To answer this public outcry and save this small but important fish, the commission should embrace the strongest rebuilding goal on the table: a fourfold increase in the population. By doing so, the ASMFC would follow the best scientific advice for managing key prey species such as menhaden. Delaying decisions or maintaining the status quo—another option still on the table—is not scientifically or ecologically defensible.

Commercial fishing should not jeopardize the health of marine ecosystems, recreational fishing opportunities, or public resources. As with other fisheries, we need to focus on sustainability and provide everyone on the Atlantic coast with ample fish, both big and small.


Read the rest of the Overfishing 101 series here.


Photo Credit: NOAA


W. C
W. C2 months ago


William C
William C2 months ago

Thank you for the information.

a             y m.
g d c5 years ago

wow - never even heard of menhaden...

Citizen G-Karl
Karl Heinemann6 years ago


I reluctantly agree that we can't just "tell" people not to have children, because, YES, they are an important part of the world. The phrase "too much of a good thing", however probably is a salient factor in the depletion of this fish species, as well as restoring the proper balance between human society and nature, and the fair balance of economic prosperity among different groups of humans.

~Dictating~ hard limits on child-births probably won't work, because the desire for children appears to be quite a strong human drive, ~TOTALLY APART from sexuality~, which, IMHO, also has an important social-bonding function. But through education, I believe that we also could foster changes in our social values that honor and support people who choose to refrain from bringing more children into the world, and those who can feel content having just a small family. And I believe that the need to cap and, ideally reduce the human population on planet Earth is pressing enough that we should develop some social and economic incentives that reward people who choose to keep their "families" very small or to spend their lives "child-free".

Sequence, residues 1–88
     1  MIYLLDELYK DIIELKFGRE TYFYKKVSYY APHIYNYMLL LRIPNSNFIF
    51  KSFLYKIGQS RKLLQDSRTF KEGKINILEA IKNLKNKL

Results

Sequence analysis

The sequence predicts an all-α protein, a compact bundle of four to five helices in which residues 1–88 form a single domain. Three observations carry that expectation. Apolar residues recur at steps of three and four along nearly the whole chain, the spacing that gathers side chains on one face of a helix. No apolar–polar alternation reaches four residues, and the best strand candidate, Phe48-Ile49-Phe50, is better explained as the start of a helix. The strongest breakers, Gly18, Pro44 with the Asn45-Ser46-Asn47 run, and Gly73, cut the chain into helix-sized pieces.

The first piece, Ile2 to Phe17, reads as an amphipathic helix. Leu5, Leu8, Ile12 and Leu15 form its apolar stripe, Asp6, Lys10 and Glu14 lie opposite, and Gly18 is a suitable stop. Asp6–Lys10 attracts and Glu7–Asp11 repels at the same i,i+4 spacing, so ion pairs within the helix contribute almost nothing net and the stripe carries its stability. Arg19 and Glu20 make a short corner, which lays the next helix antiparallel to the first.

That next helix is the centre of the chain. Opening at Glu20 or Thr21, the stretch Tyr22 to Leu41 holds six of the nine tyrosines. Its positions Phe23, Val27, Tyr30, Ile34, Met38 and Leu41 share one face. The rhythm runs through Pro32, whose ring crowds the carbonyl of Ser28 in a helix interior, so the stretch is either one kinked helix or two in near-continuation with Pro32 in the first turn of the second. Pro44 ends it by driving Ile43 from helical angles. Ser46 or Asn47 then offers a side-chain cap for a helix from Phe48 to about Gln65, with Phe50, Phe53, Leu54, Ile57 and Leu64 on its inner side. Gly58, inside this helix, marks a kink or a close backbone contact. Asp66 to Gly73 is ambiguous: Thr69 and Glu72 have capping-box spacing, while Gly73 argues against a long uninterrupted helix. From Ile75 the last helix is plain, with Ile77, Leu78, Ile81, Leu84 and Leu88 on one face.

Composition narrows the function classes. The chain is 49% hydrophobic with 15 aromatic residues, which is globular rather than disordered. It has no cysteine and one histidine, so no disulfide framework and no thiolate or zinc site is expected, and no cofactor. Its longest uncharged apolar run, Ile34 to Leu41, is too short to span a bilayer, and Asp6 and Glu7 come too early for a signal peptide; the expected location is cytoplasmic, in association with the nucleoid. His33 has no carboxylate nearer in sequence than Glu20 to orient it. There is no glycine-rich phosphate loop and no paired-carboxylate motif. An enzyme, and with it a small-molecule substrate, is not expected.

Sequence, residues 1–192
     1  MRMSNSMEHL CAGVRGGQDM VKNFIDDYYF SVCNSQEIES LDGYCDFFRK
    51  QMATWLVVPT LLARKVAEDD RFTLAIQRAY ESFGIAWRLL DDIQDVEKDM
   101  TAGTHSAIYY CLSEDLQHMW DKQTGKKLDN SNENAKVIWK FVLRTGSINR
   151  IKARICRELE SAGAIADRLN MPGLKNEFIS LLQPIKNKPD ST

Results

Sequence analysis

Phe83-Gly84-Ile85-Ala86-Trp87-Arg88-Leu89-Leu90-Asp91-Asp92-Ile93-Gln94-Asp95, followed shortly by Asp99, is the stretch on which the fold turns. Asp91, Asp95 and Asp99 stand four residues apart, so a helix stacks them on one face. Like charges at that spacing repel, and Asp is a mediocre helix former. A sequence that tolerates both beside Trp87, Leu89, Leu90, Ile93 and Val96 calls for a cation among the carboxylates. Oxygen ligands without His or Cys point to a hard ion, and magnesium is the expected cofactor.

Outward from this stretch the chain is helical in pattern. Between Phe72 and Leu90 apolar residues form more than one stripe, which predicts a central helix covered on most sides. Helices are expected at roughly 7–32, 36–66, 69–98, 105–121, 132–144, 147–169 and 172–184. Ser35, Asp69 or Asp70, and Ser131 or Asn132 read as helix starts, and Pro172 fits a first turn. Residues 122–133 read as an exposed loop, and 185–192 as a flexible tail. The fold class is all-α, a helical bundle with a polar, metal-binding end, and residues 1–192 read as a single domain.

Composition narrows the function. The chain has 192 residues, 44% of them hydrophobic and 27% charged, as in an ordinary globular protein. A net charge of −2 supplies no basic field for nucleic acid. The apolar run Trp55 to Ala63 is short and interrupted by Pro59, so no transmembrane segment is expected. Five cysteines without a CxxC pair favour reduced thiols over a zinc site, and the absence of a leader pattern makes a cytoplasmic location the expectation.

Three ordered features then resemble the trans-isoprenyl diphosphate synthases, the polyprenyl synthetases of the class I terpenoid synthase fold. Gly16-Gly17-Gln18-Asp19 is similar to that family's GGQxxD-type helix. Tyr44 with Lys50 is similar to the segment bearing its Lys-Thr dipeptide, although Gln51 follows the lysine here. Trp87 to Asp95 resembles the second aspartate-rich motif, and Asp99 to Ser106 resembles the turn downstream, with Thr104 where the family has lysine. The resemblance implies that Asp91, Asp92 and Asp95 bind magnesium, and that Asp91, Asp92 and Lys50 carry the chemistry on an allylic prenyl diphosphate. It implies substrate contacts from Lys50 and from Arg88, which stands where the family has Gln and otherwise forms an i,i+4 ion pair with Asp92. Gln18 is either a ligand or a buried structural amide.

mac m.
mac m.6 years ago

any attempt to ameliorate the menhaden situation may come too late if we wait for the government to act. fishers, small and large might get together and enter into a legally binding contract once they agree on what limits ought to be. or perhaps only a fisherman's agreement? (don't ask about the limits; knowledgeable folk would have to answer that).
of course, there's a possibility not every fisher can be convinced and so abstain from the contract and become rogue fishers of unlimited catches. maybe the suasion of the moral majority will bring them around.
whatever comes of this at least one citizen effort will be made to right our listing ship-of-state.

Victoria Pitchford
Vicky P6 years ago

@ Shel: You really can't tell people to not have children, children are an important part of this world, and we aren't a fascist country :) China's one Child policy is Fascist and shouldn't be allowed. About the fish problem, someone needs to do something about it, and the government needs to get their ass moving.

Shel G.
Shel G6 years ago

I remember seeing the schools of menhaden from a pier in North Carolina. Everything followed them: bluefish, mackerel, sharks, etc. Without these little fish, the big fish starve.

Good article, thanks for sharing. I only wish that there was some mention of the main cause of depletion of menhaden stocks: overpopulation. There's too many humans on this planet and it's the cause of everything - climate change, loss of habitat, pollution, toxic waters, depletion of natural resources, etc. -- that affects wildlife.

People need to have fewer (or no!) children, and if they have kids, they need to be educated about the importance of limiting their family size.

Marilyn L.
Marilyn L6 years ago


Bill K.
Bill K6 years ago

more people need to start viewing these animals that live in the sea not as "seafood" but as "sea life"